Transcribed from volume I of Kansas: a cyclopedia of state history, embracing events, institutions, industries, counties, cities, towns, prominent persons, etc. ... / with a supplementary volume devoted to selected personal history and reminiscence. Standard Pub. Co. Chicago : 1912. 3 v. in 4. : front., ill., ports.; 28 cm. Vols. I-II edited by Frank W. Blackmar. Transcribed May 2002 by Carolyn Ward.


Christian Church, or Diciples[sic] of Christ, sometimes called Campbellites, is one of the distinctively American church organizations. It grew out of a great revival movement which began in northern Tennessee and southern Kentucky about the beginning of the nineteenth century. One of the centers of this revival was Cane Ridge, Ky., and John Allen Gano, one of the earliest of the disciples, at a meeting held June 22, 1845, said, "The first churches planted and organized since the great apostacy, with the Bible as the only creed or church book, and the name Christian as the only name, were organized in Kentucky in the year 1804. Of these the Cane Ridge was the first."

The organizers of this church decided to take the Bible as the standard of faith to the exclusion of all creeds, and believed the name "Christian" to have been given the disciples by divine authority. Similar movements took place in other sections of the country about the same time. Thomas Campbell, a Presbyterian minister, arrived in the United States and began to preach in western Pennsylvania, where people of various Presbyterian denominations resided and he invited all to his communion. This caused dissention and charges were preferred against him. He insisted that he was acting according to the Bible and began to preach a restoration of apostolic Christianity, protesting against creeds and advocating the sufficiency of the scriptures, but at no time advocated separation from the fellowship of the church. Many were converted to the new belief and the Christian Association was formed. Campbell asked for admission to it but there was so much controversy over his admission that the members of his church formed an independent Church of Christ on May 4, 1810, under the name of "The First Church of the Christian Association of Washington." In 1812, the question of baptism came up. The Campbells, father and son, were immersed and at the next meeting of the church other members of the organization expressed a desire to be immersed upon confession of faith. From that time the church accepted baptism as a divine ordinance and the custom has been maintained.

In 1831 a union of the Washington and Cane Ridge churches was effected which was the beginning of an era of great progress and expansion of the Christian church. In 1900 there were 10,000 churches with 1,250,000 communicants in the United States. The largest and strongest bodies of this organization are found in the newer states of the west and southwest; Missouri, Illinois, Indiana, Kentucky and Ohio having the largest number of members. The first work of the Christian church in Kansas was begun during the early '60s, though services were held at Centropolis, Franklin county, as early as 1858. One of the first organizations was established at Holton, Jackson county, July 13, 1862, by Mr. and Mrs. Allen, B. Scholes and three others. The first services were held in the court-house by Elder A. J. Francis but no building was erected until ten years later. A Christian church was organized at Erie, Neosho county, in the spring of 1869 by C. F. Stauber, though services had been held previous to that time by George Booth. The same year a church was organized at Ottawa by Warren Skells. In 1869, the Christians organized in Jefferson county and erected a church within a short time after. A year later a church was organized at Girard, Crawford county, with 25 members who held services in a school house until 1871, when a church building was erected. Cherokee county was opened to white settlement in 1870, and in October of that year a Christian church was organized there with 40 members by J. A. Murray. There were a few Christians among the early settlers of Shawnee county. They met in a hall at Topeka under the leadership of elders, with an occasional evangelist, until 1870, when an organization was perfected and J. W. Mousen called as the first pastor. At Fort Scott, Bourbon county, a church was started in the fall of 1871 by Dr. Franklin of Cincinnati, Ohio, with 10 members. In 1876 a church was started at Hiawatha, Brown county, by James McGuire and it has become one of the leading congregations of the state. With the spread of the faith and growth of the church it has become divided and now consists of the Disciples of Christ, or Christian church, and the Churches of Christ.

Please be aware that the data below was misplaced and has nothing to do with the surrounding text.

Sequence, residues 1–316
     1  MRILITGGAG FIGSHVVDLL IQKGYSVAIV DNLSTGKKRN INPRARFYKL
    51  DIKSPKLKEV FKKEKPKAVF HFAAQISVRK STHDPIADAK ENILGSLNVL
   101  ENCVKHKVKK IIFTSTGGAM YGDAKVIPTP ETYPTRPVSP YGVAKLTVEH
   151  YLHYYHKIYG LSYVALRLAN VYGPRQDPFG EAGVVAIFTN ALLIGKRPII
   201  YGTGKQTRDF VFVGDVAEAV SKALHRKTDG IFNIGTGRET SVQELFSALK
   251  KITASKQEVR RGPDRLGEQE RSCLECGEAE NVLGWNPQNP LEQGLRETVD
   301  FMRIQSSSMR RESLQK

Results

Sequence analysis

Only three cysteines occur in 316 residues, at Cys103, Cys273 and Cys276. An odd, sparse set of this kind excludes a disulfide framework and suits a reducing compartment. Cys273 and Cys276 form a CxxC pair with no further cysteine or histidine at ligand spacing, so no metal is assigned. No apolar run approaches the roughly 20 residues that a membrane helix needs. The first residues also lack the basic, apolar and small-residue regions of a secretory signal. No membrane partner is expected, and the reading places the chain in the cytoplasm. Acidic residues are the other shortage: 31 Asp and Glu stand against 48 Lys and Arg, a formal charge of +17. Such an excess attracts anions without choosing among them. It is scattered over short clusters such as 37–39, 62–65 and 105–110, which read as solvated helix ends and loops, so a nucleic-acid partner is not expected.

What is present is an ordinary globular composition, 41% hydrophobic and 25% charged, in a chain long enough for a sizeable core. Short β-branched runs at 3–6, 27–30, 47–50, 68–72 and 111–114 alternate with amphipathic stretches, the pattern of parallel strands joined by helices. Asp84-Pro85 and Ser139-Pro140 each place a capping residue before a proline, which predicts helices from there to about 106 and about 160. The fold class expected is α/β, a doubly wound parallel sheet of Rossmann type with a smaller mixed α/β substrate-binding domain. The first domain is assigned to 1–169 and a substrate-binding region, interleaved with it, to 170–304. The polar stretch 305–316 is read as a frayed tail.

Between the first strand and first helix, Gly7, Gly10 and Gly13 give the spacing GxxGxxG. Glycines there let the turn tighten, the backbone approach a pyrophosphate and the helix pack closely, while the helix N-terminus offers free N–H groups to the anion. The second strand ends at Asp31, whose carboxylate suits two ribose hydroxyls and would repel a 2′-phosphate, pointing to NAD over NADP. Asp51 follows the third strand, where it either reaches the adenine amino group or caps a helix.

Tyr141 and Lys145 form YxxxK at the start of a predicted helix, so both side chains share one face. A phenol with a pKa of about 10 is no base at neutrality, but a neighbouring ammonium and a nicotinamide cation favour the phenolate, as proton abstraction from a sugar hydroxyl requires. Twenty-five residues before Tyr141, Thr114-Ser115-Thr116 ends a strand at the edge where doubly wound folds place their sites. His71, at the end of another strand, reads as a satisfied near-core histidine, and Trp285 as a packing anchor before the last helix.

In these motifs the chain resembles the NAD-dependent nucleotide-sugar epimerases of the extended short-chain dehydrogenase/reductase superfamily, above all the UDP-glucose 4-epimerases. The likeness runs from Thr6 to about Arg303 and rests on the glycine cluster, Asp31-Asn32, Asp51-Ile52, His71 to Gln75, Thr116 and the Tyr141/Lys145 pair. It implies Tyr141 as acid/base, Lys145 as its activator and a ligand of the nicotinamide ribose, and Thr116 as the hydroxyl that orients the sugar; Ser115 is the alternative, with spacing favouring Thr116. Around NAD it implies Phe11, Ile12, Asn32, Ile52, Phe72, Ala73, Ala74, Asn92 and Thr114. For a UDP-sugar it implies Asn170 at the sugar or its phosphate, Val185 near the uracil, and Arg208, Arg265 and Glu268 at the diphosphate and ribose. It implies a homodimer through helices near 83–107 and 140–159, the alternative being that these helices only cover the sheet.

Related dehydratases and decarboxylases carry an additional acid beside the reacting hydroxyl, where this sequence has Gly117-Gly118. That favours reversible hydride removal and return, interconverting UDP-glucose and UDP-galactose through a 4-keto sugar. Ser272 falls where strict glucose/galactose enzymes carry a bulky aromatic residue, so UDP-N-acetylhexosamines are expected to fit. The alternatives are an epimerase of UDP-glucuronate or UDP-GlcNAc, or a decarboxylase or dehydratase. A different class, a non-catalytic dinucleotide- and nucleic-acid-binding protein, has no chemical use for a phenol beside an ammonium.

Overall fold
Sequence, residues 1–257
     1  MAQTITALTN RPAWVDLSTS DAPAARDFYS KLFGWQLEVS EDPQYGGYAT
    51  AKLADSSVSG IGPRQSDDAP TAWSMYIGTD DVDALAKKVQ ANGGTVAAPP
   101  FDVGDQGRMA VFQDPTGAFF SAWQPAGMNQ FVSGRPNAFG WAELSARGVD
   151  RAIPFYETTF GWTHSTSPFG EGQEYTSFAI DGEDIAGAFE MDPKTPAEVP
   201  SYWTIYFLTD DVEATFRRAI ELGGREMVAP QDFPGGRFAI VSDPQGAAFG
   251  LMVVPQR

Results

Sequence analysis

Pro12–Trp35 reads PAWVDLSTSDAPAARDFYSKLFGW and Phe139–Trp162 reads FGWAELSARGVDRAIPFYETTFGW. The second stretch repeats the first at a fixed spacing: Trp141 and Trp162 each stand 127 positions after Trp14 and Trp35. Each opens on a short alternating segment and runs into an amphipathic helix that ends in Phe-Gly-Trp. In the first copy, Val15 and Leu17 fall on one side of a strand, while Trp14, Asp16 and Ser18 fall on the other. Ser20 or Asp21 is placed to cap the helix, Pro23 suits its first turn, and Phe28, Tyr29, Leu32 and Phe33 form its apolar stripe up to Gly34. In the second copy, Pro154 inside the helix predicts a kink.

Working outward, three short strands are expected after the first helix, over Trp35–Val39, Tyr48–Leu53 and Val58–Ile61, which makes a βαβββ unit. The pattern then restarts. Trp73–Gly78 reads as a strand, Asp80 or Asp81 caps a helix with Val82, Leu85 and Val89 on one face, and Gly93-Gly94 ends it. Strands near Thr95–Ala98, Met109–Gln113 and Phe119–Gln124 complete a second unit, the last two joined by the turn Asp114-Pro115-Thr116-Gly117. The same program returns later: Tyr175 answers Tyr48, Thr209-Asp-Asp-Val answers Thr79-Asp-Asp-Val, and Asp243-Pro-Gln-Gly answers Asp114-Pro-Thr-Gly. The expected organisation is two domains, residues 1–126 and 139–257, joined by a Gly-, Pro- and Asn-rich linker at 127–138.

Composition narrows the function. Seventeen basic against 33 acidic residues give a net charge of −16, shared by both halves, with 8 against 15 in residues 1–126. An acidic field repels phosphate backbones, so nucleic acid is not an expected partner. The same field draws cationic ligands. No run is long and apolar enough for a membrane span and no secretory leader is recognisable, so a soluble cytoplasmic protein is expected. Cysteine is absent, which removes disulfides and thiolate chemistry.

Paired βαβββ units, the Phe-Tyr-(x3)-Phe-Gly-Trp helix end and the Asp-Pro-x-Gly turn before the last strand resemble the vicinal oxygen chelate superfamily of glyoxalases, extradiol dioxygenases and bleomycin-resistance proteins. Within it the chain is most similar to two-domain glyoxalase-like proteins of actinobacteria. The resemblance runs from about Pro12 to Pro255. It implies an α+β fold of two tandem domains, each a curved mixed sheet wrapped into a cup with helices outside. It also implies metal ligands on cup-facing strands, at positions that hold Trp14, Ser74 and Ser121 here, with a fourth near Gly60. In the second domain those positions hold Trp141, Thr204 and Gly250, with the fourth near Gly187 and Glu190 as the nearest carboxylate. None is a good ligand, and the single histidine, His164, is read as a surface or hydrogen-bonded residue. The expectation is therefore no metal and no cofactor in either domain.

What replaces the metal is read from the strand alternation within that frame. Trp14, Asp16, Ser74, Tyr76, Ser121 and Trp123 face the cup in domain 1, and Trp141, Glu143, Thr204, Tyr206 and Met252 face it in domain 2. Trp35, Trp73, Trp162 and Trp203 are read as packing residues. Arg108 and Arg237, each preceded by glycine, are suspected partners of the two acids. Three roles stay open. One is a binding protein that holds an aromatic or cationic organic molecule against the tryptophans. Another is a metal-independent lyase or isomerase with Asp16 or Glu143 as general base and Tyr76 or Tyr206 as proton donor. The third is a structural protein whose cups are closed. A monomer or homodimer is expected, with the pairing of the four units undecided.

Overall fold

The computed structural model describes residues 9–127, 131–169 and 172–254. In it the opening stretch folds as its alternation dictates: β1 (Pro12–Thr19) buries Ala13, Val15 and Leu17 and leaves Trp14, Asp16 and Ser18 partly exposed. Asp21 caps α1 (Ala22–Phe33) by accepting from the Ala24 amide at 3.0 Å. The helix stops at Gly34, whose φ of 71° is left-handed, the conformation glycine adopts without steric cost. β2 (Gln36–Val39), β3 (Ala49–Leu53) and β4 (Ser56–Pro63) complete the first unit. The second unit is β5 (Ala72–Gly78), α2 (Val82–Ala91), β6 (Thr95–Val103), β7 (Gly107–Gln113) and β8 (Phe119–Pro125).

In 1880, according to the census, there were 54 Christian church organizations in Kansas, with a membership of 18,579; by 1890 the organizations had increased to 394 with 190 church edifices and a membership of 25,143, and by 1906 the Christian church ranked fourth of all denominations in Kansas, with a membership of 43,572.

Pages 341-342 from volume I of Kansas: a cyclopedia of state history, embracing events, institutions, industries, counties, cities, towns, prominent persons, etc. ... / with a supplementary volume devoted to selected personal history and reminiscence. Standard Pub. Co. Chicago : 1912. 3 v. in 4. : front., ill., ports.; 28 cm. Vols. I-II edited by Frank W. Blackmar. Transcribed May 2002 by Carolyn Ward.

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VOLUME I

TITLE PAGE / LIST OF ILLUSTRATIONS
INTRODUCTION

A | B | C | D | E | F | G | H | I

VOLUME II

TITLE PAGE / LIST OF ILLUSTRATIONS

J | K | L | Mc | M | N | O | P | Q | R | S | T | U | V | W | X | Y | Z

VOLUME III

BIOGRAPHICAL INDEXES


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